The Fifth Sunday of Easter; Year C (alternate message)

Even to the Gentiles

Lessons:      Acts 11:1-18      Psalm 148 (13)      Revelation 21:1-6      St. John 13:31-35

Prayer of the Day O Lord God, you teach us that without love, our actions gain nothing.  Pour into our hearts your most excellent gift of love, that, made alive by your Spirit, we may know goodness and peace, through your Son, Jesus Christ, our Savior and Lord, who lives and reigns with you and the Holy Spirit, one God, now and forever. Amen.

...  11:9 the voice answered from heaven, ‘What God has made clean, you must not call profane.’ ...  17 "If then God gave them the same gift that he gave us when we believed in the Lord Jesus Christ, who was I that I could hinder God?” 18 When they heard this, they were silenced. And they praised God, saying, “Then God has given even to the Gentiles the repentance that leads to life.”


Acts 11:9, 17-18 New Revised Version Bible (C)1989, Division of Christian Education of the National Council of the Churches of Christ in the United States of America.

This devotional message was presented to fifty men gathered at Rainbow Trail Lutheran Camp (Hillside, Colorado) on Saturday, April 24, 2010.

Yesterday evening we considered the radical nature of God’s forgiveness. The early church was insistent on seeing that everybody was included in receiving this gift. They based that on the inclusiveness of Jesus, who prayed for his enemies, who forgave sinners, and who would stop at nothing to help someone feel forgiven by God. Forgiveness became one of the reasons they were such a vibrant and lively group of believers.

That doesn’t mean it was easy for them, though, and this morning’s lesson gives us a hint as to the struggle that lies just beneath the surface when we read about this first century community. For first century Jews, keeping themselves separated from the unclean aspects of the world around them was very important. Hundreds of laws governed their life together, most of them intended to build a firm wall between what they considered clean and what they considered unclean. So the first century Jew had rules and regulations about who you could visit, who you could touch, whose house you could enter, who you could join for a meal, who you could date, who you could deal with in business... If you were on the inside, everything was fine. But if you were on the outside, the faithful believer’s responsibility was to have as little to do with you as absolutely possible.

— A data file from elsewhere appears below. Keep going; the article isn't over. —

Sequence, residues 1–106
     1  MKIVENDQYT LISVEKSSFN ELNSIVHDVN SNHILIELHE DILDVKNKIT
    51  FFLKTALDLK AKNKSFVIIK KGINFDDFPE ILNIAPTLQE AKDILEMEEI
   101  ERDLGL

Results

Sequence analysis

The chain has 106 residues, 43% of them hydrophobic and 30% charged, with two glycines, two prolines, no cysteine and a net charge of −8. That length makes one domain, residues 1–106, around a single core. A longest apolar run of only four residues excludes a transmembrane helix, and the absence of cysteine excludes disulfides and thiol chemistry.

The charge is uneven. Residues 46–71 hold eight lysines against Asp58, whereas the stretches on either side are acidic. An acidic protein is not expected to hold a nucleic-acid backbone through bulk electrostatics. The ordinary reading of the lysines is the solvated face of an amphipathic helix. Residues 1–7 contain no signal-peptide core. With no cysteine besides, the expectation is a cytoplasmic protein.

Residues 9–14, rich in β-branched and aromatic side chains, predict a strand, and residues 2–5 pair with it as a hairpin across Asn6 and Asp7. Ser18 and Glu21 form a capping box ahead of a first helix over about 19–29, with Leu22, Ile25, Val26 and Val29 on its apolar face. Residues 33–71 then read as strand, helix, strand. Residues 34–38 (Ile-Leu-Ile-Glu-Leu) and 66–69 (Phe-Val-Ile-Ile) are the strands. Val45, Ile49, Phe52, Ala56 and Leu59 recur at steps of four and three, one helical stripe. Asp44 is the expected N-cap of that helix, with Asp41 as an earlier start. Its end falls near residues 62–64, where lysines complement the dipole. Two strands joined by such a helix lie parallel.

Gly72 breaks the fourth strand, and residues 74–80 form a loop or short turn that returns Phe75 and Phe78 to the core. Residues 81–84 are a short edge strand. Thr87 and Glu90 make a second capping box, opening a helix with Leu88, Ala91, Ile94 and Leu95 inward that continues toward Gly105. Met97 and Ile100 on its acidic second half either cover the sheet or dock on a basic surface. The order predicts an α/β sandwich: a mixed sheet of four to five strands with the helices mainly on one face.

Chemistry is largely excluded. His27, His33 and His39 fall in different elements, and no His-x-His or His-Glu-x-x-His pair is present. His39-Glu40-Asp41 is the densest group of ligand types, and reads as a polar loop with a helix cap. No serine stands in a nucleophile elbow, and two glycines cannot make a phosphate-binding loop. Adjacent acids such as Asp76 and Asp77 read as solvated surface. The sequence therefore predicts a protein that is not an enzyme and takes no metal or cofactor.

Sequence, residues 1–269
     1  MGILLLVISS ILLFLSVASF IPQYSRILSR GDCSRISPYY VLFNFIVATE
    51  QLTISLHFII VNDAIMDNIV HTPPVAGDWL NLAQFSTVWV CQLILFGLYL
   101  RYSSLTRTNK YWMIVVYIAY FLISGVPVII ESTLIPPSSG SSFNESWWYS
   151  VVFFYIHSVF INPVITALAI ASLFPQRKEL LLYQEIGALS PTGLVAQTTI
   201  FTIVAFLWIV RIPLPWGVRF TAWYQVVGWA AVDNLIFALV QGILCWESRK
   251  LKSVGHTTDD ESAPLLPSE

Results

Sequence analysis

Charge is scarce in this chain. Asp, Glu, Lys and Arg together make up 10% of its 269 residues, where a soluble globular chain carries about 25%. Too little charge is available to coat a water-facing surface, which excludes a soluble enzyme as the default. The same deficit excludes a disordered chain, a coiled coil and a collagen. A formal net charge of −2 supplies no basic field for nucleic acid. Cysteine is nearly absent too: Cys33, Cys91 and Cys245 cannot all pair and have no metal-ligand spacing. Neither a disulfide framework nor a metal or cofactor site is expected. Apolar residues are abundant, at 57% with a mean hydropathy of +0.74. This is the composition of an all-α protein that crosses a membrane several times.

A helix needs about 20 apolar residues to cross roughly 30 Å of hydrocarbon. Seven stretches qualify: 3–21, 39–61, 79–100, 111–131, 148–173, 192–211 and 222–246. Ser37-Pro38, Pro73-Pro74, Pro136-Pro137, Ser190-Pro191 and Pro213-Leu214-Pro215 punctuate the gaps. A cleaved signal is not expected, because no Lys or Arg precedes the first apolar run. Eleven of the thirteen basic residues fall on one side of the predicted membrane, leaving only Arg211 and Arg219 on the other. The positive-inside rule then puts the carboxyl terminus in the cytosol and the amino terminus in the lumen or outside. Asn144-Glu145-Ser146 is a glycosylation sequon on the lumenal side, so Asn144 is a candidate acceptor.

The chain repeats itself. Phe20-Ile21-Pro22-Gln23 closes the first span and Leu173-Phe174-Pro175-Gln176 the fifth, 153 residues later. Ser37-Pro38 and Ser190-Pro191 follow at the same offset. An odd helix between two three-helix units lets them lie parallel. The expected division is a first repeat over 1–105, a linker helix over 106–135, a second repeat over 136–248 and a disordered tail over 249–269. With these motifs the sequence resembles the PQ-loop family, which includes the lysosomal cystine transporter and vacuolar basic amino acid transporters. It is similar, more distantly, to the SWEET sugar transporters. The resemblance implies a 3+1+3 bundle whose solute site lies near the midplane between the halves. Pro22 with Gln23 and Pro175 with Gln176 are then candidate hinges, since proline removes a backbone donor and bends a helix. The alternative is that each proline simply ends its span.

This became problematic for the early church. During those years following immediately after the resurrection, many faithful Jews began to believe in Jesus. They heard his message, embraced its truth, and began to live in hope and peace. Yet they had spent a lifetime practicing Jewish laws and traditions, and for some of them, that was heavy baggage to shed. They were glad for the grace of God they knew in Jesus, but still had a hard time associating with people they had been trying to avoid all their lives. It led some of them to conclude that the Gospel was only for those who were part of the Jewish family of faith in the first place. They were glad to receive the grace of God in Jesus, but concluded that anyone else would first have to become like them before receiving the same gift. Yet there were others who disagreed: they concluded that if God’s grace was a free gift, through Jesus Christ, then that gift was just as available to non-Jews as it was to Jews.

So you can see the dilemma: some early Christians wanted to maintain the cultural and religious purity of their tradition, while others wanted to break from that tradition and fully welcome all who had come to believe in the promise of Jesus Christ. This dilemma was of a scale that is hard to overstate today. It drove to the very heart of how 1st Century Jewish believers understood themselves. It was an issue far more difficult, far more central to the faith, far more painful than anything the church has dealt with in our lifetime (including racism, women's rights, the Vietnam or Iraq wars, abortion, capital punshment, or sexual orientation).